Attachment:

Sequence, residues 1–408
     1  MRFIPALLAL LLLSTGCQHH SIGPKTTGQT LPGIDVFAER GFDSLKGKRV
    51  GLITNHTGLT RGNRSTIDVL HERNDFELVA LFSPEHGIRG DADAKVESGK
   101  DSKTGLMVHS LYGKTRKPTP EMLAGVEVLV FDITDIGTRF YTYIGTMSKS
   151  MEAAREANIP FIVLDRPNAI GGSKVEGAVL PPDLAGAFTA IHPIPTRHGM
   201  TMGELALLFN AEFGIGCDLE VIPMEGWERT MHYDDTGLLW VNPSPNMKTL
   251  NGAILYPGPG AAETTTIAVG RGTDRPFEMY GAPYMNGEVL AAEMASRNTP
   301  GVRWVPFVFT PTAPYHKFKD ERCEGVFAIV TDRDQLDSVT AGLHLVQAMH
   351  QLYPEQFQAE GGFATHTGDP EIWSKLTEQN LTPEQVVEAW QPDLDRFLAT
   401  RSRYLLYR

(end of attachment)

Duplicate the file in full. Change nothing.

Sequence, residues 1–408
     1  MRFIPALLAL LLLSTGCQHH SIGPKTTGQT LPGIDVFAER GFDSLKGKRV
    51  GLITNHTGLT RGNRSTIDVL HERNDFELVA LFSPEHGIRG DADAKVESGK
   101  DSKTGLMVHS LYGKTRKPTP EMLAGVEVLV FDITDIGTRF YTYIGTMSKS
   151  MEAAREANIP FIVLDRPNAI GGSKVEGAVL PPDLAGAFTA IHPIPTRHGM
   201  TMGELALLFN AEFGIGCDLE VIPMEGWERT MHYDDTGLLW VNPSPNMKTL
   251  NGAILYPGPG AAETTTIAVG RGTDRPFEMY GAPYMNGEVL AAEMASRNTP
   301  GVRWVPFVFT PTAPYHKFKD ERCEGVFAIV TDRDQLDSVT AGLHLVQAMH
   351  QLYPEQFQAE GGFATHTGDP EIWSKLTEQN LTPEQVVEAW QPDLDRFLAT
   401  RSRYLLYR